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An exploration of the influence of family on cigarette smoking among American Indian adolescents.

Health Education Research

Adolescent, Ceremonial Behavior, Child, Family, ethnology, Female, Focus Groups, Humans, Indians, North American, statistics & numerical data, Oklahoma, epidemiology, prevention & control, Smoking

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      Abstract

      American Indians have the highest smoking rate of all major racial/ethnic groups in the US, despite significant variation across tribes and regions of the country. Yet, little research has been conducted on smoking initiation among American Indian adolescents. In an effort to identify the mechanisms through which families influence teen smoking, both positively and negatively, 20 focus groups were conducted with 144 non-reservation American Indian teens in Oklahoma. Findings indicated that most of the antismoking messages from family members were given by parents and grandparents, and focused on the long-term health consequences of smoking and addiction. Parental responses to teen smoking varied widely, with some responses sending mixed messages to the teens. Many teens discussed obtaining their first cigarette in a family setting and the teens felt that having smokers in their families influenced them to try smoking. Teens were able to discuss the traditional role of tobacco in their culture and were aware of its presence at Indian events, but felt ceremonial and traditional use was distinct from recreational use. Additional research is necessary to assess whether these results are generalizable to other tribes and regions, and to other racial/ethnic groups.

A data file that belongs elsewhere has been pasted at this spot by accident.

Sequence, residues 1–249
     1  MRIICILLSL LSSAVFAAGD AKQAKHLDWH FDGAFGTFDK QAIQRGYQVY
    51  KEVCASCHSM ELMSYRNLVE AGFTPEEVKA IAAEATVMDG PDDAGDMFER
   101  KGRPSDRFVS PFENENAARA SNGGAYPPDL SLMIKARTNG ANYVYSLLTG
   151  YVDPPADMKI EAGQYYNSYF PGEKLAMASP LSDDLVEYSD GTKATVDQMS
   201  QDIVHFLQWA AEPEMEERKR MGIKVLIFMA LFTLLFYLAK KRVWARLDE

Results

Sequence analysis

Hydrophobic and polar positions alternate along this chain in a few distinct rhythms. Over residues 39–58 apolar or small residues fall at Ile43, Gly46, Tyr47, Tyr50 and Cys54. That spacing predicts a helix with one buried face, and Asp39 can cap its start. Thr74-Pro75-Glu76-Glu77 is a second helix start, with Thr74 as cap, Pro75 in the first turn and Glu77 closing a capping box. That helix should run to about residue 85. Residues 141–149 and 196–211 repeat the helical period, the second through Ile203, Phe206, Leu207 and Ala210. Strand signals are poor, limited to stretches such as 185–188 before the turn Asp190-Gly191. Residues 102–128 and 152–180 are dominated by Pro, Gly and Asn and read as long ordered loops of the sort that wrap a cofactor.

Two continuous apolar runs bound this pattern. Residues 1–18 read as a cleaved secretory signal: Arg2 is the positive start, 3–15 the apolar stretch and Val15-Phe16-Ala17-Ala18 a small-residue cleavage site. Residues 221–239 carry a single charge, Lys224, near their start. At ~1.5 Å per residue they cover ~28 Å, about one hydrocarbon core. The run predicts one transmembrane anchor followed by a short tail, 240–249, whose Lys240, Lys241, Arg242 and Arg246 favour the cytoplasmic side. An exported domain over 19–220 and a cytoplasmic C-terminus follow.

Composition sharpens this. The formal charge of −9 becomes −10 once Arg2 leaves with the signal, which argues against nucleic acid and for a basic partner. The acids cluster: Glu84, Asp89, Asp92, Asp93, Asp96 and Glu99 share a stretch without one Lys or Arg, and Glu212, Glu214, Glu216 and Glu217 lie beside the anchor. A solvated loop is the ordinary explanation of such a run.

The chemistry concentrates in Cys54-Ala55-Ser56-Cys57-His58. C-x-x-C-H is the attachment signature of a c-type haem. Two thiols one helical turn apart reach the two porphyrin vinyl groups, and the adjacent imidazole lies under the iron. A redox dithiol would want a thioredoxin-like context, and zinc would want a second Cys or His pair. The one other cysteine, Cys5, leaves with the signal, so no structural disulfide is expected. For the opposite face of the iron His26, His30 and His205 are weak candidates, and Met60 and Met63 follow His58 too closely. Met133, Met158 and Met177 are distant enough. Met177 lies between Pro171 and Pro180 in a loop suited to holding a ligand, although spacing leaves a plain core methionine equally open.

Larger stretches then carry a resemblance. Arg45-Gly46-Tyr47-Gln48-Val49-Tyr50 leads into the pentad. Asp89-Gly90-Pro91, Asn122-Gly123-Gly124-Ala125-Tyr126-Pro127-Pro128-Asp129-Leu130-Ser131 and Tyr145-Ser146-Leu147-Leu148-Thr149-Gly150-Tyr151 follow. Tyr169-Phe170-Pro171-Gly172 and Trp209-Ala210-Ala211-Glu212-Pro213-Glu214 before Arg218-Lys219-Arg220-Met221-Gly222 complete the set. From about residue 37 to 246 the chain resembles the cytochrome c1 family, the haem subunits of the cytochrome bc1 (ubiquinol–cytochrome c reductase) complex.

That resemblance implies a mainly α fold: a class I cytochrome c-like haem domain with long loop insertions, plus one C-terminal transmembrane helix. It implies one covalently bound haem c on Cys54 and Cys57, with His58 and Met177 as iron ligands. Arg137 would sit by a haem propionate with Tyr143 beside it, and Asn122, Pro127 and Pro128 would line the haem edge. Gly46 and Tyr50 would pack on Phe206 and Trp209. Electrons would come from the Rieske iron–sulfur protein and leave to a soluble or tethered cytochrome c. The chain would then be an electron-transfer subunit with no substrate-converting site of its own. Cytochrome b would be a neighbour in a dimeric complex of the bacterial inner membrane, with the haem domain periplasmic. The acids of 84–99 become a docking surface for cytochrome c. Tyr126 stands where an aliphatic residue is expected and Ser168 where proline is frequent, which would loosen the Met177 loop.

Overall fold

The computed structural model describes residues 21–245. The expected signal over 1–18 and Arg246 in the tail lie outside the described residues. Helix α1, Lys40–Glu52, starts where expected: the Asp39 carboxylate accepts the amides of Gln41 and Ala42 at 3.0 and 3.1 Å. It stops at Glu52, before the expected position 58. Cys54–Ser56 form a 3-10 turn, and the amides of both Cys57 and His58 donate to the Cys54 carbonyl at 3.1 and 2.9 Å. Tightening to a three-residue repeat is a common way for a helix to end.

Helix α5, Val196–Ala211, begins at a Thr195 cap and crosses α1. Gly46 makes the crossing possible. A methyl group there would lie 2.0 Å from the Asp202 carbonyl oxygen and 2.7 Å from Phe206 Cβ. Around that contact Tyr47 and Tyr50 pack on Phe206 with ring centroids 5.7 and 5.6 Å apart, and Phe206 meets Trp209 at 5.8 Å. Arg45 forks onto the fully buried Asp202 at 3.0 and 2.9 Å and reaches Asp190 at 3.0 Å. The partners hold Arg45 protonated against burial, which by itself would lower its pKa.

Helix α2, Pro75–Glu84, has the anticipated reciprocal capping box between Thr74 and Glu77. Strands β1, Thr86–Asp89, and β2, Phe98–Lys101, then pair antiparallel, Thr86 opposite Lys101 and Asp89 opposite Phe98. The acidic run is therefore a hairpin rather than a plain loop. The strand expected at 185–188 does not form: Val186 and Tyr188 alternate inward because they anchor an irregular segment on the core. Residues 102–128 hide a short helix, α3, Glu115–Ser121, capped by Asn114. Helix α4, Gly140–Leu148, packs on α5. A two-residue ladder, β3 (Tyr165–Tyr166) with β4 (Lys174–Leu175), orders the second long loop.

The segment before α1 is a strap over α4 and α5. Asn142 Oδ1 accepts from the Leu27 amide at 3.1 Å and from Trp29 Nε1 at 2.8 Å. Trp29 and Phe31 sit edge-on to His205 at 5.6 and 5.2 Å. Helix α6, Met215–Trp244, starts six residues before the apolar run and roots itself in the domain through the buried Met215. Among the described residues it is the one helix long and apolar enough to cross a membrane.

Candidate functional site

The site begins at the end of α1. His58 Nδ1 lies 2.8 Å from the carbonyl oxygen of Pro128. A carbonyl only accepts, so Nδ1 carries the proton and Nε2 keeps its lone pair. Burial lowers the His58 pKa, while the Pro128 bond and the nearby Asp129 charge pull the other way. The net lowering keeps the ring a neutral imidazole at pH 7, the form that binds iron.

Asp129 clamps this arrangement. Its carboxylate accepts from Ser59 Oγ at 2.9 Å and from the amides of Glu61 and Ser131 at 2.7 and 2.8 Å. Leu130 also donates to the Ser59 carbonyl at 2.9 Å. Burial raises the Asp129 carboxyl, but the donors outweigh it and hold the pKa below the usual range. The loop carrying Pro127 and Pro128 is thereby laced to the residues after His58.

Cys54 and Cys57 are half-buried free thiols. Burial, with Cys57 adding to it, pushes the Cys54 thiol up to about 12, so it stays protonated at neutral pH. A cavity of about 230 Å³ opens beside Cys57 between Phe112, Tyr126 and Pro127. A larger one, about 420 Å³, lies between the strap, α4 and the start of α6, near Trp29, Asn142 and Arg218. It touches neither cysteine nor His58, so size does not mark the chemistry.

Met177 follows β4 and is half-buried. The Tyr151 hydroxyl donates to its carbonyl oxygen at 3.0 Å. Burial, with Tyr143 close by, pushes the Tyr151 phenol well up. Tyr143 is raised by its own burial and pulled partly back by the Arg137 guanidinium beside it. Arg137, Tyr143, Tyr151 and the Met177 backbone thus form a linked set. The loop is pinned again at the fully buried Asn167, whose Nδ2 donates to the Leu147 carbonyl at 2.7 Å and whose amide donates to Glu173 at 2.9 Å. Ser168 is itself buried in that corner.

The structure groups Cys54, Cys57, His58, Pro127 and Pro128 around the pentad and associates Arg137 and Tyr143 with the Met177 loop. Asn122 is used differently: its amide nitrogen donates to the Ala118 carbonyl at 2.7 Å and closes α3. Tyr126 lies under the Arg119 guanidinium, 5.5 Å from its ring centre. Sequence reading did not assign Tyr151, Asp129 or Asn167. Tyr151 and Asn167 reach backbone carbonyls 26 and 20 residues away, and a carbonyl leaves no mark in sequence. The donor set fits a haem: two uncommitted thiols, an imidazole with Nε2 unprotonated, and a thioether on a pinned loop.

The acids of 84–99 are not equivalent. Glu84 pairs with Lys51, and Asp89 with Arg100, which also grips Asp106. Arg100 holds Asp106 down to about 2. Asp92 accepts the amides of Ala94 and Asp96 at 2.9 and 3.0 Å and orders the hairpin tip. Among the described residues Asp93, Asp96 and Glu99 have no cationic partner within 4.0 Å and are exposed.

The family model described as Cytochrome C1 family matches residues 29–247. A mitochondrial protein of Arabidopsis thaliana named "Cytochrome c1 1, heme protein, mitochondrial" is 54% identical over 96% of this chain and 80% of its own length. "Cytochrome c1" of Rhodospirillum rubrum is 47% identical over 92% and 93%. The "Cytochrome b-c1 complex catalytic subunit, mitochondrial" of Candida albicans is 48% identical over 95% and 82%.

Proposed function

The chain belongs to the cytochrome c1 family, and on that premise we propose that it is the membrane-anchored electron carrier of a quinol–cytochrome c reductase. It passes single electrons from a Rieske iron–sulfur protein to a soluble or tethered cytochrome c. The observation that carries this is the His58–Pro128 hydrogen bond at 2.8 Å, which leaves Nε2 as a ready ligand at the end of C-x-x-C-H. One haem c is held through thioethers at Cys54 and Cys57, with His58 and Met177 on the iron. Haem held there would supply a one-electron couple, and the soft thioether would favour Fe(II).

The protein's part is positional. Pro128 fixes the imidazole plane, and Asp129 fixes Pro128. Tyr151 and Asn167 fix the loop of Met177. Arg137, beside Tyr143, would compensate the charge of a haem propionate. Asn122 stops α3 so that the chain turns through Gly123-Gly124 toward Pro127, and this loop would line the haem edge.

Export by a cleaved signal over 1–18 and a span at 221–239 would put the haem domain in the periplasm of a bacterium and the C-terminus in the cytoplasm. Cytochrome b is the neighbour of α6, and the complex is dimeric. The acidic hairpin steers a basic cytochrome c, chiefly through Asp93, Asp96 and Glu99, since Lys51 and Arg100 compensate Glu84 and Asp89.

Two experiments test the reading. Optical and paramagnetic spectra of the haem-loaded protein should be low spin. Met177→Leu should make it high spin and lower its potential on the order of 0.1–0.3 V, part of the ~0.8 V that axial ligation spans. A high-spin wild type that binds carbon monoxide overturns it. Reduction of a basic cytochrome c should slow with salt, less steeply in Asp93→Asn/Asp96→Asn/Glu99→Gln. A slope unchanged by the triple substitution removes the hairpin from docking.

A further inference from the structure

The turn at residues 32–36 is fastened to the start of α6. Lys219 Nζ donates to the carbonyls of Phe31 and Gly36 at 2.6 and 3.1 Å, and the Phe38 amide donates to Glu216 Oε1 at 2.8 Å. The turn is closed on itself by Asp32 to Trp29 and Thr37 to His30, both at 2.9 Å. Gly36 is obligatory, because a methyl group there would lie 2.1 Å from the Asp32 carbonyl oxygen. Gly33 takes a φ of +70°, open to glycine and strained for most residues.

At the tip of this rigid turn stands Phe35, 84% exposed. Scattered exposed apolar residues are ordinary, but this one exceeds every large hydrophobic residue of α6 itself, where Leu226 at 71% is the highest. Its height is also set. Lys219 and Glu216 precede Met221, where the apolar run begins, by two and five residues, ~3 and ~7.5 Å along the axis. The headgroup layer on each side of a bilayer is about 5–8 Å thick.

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      11184214

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